Over 400 drunk people a week are being treated in Scottish hospitals, according to a new study.
The research for the Scottish Government found hospital emergency departments are dealing with up to 21,000 people a year who are intoxicated.
The costs have been estimated at nearly £2 million each year with £700,000 spent on 1,440 patients kept in hospital overnight because of “acute intoxication”.
Another £2.12 million is spent by the police each year on holding people charged with being drunk and incapable.
There were 5,502 such cases last year, an average of 106 per week.
In July new figures showed alcohol is linked to one in every 20 deaths in Scotland, and every three hours someone dies from an alcohol-related condition.
Dr Peter Terry, chairman of the British Medical Association in Scotland, said at the time: “Scotland is awash with alcohol and the consequences are crippling the health service.
“The scale of the problem needs radical solutions. A wide ranging strategy is essential”.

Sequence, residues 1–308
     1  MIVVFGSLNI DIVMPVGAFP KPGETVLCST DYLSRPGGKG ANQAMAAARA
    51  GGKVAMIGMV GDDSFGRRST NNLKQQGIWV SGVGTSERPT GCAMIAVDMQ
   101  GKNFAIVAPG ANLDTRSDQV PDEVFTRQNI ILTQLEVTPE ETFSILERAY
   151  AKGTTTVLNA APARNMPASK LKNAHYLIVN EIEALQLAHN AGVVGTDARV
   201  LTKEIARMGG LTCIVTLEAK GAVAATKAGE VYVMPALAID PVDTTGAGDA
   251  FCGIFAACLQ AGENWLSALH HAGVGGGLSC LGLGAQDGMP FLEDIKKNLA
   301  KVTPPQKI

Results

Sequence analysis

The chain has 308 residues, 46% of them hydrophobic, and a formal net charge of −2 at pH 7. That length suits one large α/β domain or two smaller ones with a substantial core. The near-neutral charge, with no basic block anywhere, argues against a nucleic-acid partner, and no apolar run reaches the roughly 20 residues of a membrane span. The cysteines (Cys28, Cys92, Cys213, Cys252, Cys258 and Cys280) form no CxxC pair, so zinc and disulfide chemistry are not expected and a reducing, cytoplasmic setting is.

In 2007 the Scottish Social Attitudes Survey showed that 51 per cent of Scottish people named alcohol as the drug which causes most problems for Scotland, compared with just 22 per cent blaming heroin.
Although 48 per cent thought that the amount of alcohol people in Scotland drink was something to be ashamed of, a similar proportion (47 per cent) said they believed the situation was no better in the rest of the UK.
The UK Government had hoped its all-day drinking laws would create a continental-style cafe-culture, but the laws, which have been introduced in England, Scotland and Wales, have been widely criticised.
According to the Local Government Association, most police authorities, Primary Care Trusts and councils have found that the new laws have failed to reduce alcohol-related incidents.